Compassion and Self-Compassion

What we call compassion is the love we have in us, meeting suffering in ourselves, in our family, and in the world. We are closest to ourselves, and so of course we know our own suffering better than that of others. We need this one quality called self compassion to turn to what is difficult, and to keep our attention on it, and hold it tenderly until it begins to transform…


Sometimes this feels like caring for a young child, one who is frightened, or in tears. At first it may be that all we can feel is our own hurt, trembling, uncertainty, remorse, or fear. When we can hold this feeling, encompassing it with the warmth of unconditional love and compassion, we calm down. We find a sense of ease restored.

Thinking back now, I can see how compassion for myself is what had me begin to search for a way to live in this world, and to heal myself. It’s what led to what is colloquially called taking refuge in sources of safety and protection.

In my thirties, I travelled to Asia for this reason.

In my 50’s I went on retreat for a year, from this same compassion for self and others.

Self compassion is like this – it has us begin, and it’s the power in us that has us continue, until we find deeper answers, and deeper healing.

Some traditions speak mostly of love for oneself, as essential, but to me compassion is more to the point here – that we are addressing the suffering we have known, and carry.

It’s easier to speak of compassion and care for our loved ones, and those all around us in this world, but this –  self compassion, is how we know what it is to be human, to struggle and suffer, sometimes to fail, and to endure. It’s what we need to find comfort, and relief that is longer lasting than what the world commonly offers.

Having compassion for ourselves is what has us begin a path of practice, or begin again, as many times as needed, and then to continue, and from that, we are able gradually to be more available to others, and to share what we have found that actually helps.

The warmth we feel for others we have to have known ourselves.

As it’s said in the Bible, in the first letter by John,

We love, because we were loved first

which I can read now as,

We have compassion for others, because we ourselves have received compassion first.

This can be from a parent, or a teacher, or a friend, or a Holy Being, or it can be from ourselves, from a pure, deep place inside ourselves.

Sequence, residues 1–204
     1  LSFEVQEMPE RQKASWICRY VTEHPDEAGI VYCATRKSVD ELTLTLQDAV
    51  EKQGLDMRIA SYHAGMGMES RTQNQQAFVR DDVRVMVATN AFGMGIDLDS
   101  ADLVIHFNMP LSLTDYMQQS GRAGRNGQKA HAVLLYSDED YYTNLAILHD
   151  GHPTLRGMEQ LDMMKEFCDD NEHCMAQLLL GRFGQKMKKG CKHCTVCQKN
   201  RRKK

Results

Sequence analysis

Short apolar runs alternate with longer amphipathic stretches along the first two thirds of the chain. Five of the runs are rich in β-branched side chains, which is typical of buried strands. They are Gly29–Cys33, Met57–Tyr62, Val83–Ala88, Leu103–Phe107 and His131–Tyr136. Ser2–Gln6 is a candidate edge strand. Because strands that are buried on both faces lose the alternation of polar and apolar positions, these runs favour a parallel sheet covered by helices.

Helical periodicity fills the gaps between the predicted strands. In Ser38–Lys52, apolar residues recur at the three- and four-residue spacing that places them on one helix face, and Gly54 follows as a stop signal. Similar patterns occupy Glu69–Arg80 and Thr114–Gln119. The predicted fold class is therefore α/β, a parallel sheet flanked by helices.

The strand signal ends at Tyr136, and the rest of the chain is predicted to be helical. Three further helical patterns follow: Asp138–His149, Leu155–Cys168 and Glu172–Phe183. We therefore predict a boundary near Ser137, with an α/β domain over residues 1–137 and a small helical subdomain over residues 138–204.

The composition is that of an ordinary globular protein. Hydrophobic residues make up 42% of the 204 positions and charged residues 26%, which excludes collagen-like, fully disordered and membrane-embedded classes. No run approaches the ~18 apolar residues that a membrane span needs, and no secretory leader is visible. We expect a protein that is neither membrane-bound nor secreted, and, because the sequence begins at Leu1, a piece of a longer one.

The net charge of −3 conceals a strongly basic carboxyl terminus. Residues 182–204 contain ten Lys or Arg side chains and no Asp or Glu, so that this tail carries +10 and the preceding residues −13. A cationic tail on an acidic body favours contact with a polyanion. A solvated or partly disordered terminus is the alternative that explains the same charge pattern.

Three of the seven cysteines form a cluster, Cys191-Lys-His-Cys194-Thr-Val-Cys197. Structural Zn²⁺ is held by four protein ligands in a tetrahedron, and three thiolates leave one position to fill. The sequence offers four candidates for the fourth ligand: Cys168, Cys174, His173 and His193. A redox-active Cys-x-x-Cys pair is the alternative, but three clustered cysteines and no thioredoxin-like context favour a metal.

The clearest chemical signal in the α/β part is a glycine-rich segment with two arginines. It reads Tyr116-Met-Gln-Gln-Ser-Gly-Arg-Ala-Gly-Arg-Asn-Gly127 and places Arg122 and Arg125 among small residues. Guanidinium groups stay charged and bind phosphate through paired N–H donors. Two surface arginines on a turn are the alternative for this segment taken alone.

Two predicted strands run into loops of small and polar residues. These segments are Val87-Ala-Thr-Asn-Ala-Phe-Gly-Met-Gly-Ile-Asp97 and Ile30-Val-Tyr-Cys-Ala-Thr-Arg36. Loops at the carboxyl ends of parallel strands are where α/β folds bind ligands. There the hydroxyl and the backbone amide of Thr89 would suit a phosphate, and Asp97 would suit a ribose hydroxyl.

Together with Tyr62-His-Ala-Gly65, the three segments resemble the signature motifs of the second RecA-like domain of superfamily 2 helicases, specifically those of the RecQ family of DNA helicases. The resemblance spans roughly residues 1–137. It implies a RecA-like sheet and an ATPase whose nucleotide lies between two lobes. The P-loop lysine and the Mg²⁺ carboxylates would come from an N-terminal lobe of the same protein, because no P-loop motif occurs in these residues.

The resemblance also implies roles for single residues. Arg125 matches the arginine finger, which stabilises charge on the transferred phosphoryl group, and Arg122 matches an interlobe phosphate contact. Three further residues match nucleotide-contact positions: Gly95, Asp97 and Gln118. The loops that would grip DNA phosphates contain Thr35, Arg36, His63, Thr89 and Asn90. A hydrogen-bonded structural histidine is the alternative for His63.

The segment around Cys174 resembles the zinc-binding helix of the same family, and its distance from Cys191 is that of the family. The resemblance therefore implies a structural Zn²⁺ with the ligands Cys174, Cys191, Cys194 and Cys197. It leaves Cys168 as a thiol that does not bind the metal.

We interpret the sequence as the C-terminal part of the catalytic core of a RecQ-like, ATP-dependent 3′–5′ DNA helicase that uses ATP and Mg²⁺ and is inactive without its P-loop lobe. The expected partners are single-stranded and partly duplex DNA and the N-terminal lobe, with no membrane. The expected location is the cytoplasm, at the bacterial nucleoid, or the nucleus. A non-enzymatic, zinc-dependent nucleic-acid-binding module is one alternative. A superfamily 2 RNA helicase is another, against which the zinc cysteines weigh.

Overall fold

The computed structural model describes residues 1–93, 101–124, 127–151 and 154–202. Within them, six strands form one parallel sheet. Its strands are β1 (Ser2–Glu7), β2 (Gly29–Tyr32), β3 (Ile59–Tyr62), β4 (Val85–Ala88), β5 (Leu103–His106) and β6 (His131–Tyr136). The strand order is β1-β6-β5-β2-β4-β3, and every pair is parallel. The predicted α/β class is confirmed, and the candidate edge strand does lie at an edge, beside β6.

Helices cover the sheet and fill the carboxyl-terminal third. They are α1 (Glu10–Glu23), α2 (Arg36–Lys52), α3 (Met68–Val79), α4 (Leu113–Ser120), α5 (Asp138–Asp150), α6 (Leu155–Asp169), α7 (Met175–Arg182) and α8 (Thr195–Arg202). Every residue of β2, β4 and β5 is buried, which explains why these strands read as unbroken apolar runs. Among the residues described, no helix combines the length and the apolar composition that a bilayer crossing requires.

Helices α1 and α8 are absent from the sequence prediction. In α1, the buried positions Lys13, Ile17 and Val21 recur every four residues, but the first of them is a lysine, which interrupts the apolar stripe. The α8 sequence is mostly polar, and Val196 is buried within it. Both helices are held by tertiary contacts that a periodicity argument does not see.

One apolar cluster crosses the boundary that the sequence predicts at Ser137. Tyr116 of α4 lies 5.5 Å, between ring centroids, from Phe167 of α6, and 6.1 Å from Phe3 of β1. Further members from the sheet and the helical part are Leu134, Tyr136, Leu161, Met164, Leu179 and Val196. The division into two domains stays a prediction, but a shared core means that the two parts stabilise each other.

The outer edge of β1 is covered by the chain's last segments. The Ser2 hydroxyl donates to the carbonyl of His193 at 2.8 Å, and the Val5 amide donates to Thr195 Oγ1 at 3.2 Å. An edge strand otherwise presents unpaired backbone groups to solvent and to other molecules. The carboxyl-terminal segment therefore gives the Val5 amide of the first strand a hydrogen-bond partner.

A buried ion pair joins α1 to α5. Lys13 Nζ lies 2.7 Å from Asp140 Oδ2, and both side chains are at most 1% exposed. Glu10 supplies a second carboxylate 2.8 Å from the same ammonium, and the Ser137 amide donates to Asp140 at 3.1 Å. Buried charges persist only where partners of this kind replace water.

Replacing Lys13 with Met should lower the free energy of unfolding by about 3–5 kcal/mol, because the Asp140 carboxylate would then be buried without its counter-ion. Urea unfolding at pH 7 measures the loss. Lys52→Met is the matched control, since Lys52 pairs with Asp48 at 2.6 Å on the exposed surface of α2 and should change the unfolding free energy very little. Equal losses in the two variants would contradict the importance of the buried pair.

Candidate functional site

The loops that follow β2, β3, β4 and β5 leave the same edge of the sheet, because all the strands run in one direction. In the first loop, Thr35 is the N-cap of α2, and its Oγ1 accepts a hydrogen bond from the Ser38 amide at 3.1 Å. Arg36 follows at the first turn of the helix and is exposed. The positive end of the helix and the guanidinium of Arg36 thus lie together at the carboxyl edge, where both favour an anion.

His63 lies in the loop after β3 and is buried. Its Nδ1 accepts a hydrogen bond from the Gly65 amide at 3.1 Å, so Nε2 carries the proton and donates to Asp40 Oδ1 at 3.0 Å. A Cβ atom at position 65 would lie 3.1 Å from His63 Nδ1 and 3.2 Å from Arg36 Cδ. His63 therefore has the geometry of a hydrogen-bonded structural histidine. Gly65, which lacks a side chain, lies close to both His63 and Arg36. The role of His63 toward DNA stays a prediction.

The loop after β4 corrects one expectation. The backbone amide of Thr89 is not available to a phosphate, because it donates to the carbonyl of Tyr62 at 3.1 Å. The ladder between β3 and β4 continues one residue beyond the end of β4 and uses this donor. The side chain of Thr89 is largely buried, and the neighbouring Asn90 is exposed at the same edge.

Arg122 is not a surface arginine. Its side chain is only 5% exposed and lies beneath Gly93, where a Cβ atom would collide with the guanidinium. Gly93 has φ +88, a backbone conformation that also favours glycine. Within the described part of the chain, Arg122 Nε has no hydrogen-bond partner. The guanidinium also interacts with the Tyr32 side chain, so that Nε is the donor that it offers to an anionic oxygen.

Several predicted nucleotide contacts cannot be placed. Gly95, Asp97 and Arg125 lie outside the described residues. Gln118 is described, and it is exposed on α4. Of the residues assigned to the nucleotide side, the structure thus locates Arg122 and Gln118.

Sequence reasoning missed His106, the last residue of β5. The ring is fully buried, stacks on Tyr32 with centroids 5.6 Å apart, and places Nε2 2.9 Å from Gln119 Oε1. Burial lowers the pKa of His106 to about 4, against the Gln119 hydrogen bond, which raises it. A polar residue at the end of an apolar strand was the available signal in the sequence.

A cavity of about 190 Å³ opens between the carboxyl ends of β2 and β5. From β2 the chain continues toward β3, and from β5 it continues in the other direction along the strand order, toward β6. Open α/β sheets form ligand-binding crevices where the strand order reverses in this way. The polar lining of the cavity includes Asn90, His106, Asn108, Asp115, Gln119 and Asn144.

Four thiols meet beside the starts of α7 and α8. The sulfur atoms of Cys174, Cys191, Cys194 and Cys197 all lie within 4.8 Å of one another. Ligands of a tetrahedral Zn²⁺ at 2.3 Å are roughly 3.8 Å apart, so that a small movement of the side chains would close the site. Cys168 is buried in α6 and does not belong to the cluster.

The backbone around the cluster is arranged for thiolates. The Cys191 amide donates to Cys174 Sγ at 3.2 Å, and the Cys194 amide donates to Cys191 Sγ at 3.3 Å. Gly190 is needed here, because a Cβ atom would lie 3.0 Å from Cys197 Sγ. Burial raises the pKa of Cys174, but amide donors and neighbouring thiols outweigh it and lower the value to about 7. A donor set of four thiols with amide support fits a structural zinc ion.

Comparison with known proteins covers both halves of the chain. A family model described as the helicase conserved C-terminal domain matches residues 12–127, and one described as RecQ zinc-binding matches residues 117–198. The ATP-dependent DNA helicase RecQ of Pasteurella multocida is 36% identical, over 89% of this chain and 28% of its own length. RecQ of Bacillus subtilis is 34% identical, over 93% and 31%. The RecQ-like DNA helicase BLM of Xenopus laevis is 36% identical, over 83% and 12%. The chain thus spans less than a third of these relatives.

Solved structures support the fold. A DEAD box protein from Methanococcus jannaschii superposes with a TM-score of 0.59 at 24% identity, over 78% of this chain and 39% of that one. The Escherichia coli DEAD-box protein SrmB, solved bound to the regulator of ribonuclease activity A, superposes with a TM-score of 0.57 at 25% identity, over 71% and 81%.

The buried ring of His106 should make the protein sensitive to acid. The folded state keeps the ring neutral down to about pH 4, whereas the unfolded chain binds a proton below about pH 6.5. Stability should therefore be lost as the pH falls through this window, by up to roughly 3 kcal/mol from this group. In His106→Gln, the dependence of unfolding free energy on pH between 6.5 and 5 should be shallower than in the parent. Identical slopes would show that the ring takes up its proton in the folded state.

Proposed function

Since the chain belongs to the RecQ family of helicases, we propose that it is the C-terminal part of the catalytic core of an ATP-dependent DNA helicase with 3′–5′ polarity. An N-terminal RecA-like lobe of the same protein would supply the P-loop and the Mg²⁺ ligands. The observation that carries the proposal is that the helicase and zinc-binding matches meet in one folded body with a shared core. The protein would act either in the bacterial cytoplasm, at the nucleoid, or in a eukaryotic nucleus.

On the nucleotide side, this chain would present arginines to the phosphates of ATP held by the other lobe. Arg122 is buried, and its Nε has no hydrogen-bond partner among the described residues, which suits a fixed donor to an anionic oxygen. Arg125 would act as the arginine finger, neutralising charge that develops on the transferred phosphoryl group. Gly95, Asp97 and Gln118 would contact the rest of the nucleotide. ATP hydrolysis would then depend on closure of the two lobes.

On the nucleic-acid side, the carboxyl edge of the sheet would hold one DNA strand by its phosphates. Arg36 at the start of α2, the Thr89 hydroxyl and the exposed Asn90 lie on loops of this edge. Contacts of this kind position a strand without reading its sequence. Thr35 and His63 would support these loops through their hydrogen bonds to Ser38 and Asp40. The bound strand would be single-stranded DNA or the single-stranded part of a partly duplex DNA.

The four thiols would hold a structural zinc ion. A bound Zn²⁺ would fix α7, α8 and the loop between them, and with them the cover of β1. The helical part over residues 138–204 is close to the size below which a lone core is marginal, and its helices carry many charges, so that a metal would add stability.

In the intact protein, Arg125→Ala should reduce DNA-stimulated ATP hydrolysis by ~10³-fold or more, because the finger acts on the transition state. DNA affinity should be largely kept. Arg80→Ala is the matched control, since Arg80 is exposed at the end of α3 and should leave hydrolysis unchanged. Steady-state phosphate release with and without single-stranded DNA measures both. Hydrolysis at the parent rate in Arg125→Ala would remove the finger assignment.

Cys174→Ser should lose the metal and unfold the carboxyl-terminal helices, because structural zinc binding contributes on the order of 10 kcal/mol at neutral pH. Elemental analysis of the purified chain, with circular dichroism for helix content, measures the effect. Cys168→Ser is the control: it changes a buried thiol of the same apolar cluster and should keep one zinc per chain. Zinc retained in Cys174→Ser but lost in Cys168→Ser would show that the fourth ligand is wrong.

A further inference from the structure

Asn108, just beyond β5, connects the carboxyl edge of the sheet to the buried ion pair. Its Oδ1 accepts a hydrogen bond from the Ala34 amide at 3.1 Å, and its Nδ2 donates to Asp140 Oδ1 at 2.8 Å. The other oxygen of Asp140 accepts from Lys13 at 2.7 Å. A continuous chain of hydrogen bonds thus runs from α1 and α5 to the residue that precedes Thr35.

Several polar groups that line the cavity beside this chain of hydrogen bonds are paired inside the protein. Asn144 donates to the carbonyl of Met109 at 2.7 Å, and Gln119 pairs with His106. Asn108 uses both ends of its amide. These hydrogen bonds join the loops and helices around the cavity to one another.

When we choose to let go of negative, destructive habits, or an entire outlook and values, it’s because of this self compassion, that is protective, and that has wisdom, knowing the effect of actions over the long term.

Refuge and renunciation of samsaric suffering then both have this basis, of feeling worthy of love, and of self compassion.

How often do we really appreciate the indestructible, healing quality of compassion throughout our lives as it arises to meet our needs? It’s a truly beautiful quality that isn’t talked about or highlighted enough, I don’t think, but it should be praised, and cultivated, and honored by all, and its importance shared with others.

Over the years, I have taken the bodhisattva vows many times in my heart, but I have to say, in truth, that I have not yet fully resolved my own samsaric suffering. What I have found is that it really is difficult, and it really does take time and dedication to practice for a person to completely transform the mind, as our great teachers have done, and to accomplish the stages of liberation, and non-regression.

Until then, what is plain to see is that What I can give is limited by my own lack of freedom. How can I give to others what I don’t have myself? To modify the language just slightly of something I wrote over a decade ago, about cultivating love for ourselves

I know that some people, especially in spiritual traditions, would try to skip this step, of having compassion for themselves, or gloss it over lightly, on the way to the great, heroic, and truly praiseworthy actions of a bodhisattva living in this world, but I’ve come to realize that this is a mistake.

We can only help others to the extent that we understand our own experience, our own samsaric suffering, and get free of it, and we do this by receiving and awakening compassion for ourselves, and learning what it means to care for ourselves well, for our whole lives.

I’m afraid that those who would skip this step, and even put it down, achieve neither their own personal liberation, or the ability to help others. So the more I think about it the more it seems that this is something that is absolutely necessary.

Compassion leads to Great Compassion

This precious quality of self compassion can be with us all throughout our lives and meditations, and it is naturally onward leading. When we are in touch with how hard it is to overcome suffering in our lives, over time we become less judgmental, more patient, and gentle, and generous, creative and adaptive, and willing to meet ourselves and others wherever we are in our lives. This only comes about because when we have not turned away from our own difficulties, sorrow and confusion, however much of it remains.

The clouds part at last, and the sky clears, and this one sun illuminates us all.

Look at the dedicated lives in this world, at our spiritual teachers, at those with something to give, and you will see it is this way.

So please, do your best to be kind and loving and compassionate to yourself. It is the way out of the wilderness, to safety; it is a protector; it is light and sustenance all along the journey, and the way to find purpose and fulfillment here on earth.